21

The Republicans were very successful at gerrymandering in states where they started with a majority and they used racial data to do it. It's called Project REDMAP. For example, Georgia: In 2016, the overall state percentage of voters was 45.35% for Clinton and 50.44% for Trump, which seems like a moderately close race. But only 5 out of 14 representatives ...


64

Using the Cooperative Congressional Election Study 2018, we can test your hypothesis that non-African Americans skew as far to the Republicans as African Americans do to Democrats. Let's limit ourselves firstly to voters in the deep south, which I'll define as Louisiana, Mississippi, Alabama, Georgia, & South Carolina. This gives us a survey population ...


14

Mississipi, for example is about 60% white 35% black (and small numbers of other racial groups) In 2016, the state was comfortably Republican, with Trump winning 57% of the vote. so let's run the numbers, assuming that 90% of the black vote was Democrat, and that there were no significant differences in voter turn out, what percentage of of the non-black ...


7

You are correct. There is a slight but significant racial turnout gap and Republicans consistently win low percentages of the black vote. Combine that with general demographics and it is unsurprising that Republicans have consistently dominated the South in recent decades.


2

JamesK's answer is great. I have run as a candidate and here are some other reasons a party may not run: Money is limited, especially at local level. Generally money has to be raised at a local level. There may be higher priorities for those resources Person-power is limited. There may be higher priorities for those resources Someone can be seen as a '...


1

In the cases where they have won, it's a dead-end job. It's been mentioned in other answers that voters in big cities often skew to the liberal end of the political spectrum. A Republican candidate pushing conservative policies has little chance of being elected by such a constituency. However, moderate (e.g. some aspects of Rudolph Giuliani) and liberal (...


10

James' answer is correct in regards to the specific cases of Portland and Atlanta, but I think you'll find, in the more general case, that it's not at all unusual for either the Democratic party or the Republican party to not run a candidate in lots of different state and local-level elections in the U.S. There are a few factors that make this especially ...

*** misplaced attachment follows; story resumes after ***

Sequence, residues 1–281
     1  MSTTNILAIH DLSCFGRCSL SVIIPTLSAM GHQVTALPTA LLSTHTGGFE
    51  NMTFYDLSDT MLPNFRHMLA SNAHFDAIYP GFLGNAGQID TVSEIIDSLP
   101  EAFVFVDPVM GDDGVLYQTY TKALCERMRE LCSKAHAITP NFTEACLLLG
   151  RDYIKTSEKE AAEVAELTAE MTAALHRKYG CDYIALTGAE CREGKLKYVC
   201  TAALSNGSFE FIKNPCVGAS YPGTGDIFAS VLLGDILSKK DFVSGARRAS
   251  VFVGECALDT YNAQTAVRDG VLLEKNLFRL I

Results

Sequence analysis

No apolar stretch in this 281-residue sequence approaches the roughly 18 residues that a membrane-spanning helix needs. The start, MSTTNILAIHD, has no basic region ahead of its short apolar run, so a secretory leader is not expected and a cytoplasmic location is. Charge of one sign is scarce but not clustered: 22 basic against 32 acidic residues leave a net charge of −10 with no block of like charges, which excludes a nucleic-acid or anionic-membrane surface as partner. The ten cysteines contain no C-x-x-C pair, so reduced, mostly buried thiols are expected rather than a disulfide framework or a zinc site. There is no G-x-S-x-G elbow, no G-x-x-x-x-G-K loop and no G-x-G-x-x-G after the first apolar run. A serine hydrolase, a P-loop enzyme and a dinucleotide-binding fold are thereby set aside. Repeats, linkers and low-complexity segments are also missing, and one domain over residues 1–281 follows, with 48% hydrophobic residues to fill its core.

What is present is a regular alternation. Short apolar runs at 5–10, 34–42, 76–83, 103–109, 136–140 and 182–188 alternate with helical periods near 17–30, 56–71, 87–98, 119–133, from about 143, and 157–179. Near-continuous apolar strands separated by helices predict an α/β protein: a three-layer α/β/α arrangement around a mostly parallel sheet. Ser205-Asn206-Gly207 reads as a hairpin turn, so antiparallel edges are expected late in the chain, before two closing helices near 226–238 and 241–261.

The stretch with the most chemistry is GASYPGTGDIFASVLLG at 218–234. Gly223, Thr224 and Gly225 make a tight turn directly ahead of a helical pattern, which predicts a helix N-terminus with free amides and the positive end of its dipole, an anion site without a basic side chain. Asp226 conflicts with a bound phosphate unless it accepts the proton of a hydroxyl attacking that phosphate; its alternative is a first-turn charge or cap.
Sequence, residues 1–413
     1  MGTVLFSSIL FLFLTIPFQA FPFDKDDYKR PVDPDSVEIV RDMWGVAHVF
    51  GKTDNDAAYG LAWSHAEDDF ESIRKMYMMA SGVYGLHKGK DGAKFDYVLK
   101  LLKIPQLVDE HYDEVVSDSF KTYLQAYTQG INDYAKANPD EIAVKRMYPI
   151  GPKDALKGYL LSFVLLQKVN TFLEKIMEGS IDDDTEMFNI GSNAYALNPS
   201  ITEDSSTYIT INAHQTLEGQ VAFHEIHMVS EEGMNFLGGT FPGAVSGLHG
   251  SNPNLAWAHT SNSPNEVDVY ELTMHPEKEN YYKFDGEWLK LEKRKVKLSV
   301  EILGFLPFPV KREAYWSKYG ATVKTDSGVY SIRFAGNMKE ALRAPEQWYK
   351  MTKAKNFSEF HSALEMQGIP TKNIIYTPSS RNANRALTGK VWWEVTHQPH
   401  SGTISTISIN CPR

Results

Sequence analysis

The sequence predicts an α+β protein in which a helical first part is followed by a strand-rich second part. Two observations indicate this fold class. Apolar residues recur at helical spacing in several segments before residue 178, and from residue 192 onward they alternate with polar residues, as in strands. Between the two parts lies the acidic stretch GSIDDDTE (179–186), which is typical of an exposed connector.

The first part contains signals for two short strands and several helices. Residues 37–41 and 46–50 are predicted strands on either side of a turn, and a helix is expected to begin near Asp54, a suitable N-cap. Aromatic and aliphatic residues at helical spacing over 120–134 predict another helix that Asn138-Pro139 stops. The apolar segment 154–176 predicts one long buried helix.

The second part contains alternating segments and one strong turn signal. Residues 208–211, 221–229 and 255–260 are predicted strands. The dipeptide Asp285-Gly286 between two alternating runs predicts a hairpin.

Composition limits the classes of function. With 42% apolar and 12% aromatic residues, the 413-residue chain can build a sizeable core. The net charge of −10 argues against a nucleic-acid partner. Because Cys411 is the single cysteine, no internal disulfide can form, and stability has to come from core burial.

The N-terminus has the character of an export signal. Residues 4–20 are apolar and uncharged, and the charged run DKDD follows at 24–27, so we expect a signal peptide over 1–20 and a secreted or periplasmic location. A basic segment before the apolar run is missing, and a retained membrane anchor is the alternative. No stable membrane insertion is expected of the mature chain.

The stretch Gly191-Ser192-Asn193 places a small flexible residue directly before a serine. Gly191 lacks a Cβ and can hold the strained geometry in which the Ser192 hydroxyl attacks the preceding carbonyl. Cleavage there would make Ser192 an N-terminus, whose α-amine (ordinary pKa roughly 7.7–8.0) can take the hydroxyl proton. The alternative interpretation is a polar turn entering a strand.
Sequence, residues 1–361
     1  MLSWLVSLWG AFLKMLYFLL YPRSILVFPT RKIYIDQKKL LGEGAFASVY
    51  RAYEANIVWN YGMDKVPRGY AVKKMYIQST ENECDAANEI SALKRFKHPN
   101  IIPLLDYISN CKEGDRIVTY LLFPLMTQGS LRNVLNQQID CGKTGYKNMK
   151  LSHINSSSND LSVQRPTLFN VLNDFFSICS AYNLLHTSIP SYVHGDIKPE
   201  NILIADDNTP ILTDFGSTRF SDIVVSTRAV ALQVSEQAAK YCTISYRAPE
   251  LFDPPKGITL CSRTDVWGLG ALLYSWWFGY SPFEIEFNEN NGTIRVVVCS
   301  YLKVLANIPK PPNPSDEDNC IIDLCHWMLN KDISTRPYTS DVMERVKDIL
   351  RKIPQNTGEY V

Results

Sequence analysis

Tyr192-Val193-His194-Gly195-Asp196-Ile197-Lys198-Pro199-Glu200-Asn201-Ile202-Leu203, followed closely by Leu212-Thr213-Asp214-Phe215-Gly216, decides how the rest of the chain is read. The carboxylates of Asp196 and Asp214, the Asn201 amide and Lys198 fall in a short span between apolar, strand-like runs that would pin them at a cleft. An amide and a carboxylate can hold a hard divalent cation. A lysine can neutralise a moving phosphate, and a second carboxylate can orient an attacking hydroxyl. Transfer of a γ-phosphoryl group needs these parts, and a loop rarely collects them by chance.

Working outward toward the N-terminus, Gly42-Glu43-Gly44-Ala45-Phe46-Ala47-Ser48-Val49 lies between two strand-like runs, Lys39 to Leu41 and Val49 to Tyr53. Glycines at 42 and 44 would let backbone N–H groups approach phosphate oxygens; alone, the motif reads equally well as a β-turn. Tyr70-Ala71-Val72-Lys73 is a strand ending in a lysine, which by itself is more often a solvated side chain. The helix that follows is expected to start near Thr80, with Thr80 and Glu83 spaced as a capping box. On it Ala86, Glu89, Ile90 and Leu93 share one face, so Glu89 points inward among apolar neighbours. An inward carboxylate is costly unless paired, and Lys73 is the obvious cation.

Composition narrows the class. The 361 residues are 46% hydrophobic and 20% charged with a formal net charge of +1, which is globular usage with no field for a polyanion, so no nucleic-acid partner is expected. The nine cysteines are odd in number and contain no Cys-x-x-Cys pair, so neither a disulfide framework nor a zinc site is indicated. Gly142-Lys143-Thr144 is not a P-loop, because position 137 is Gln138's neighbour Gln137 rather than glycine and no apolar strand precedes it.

4

This is relatively easy to visualise using the county-level results from both the 2016 Presidential Election and the 2017 Special Senate Election. That being said, the use of this swing alone to quantify the influence of Roy Moore's sexual assault allegations on the election would be an oversimplification at best. Nevertheless, no county in Alabama returned ...


39

Portland and Atlanta are a little different in this case Portland has a non-partisan primary election: All candidates from all parties enter a single primary election, this includes Republicans (if they wish to stand) Bruce Broussard stood for the Republican party in 2020. The top two candidates the progress to the second round of voting. Current mayor Ted ...


8

No, this has never happened before. The election with the fewest number of states which returned a different overall party winner, in terms of the state-aggregated vote count, was the 1888 Presidential Election, where only New Jersey voted differently - the state cast 98,562 votes for Democrat candidates compared to 105,468 for Republican candidates in the ...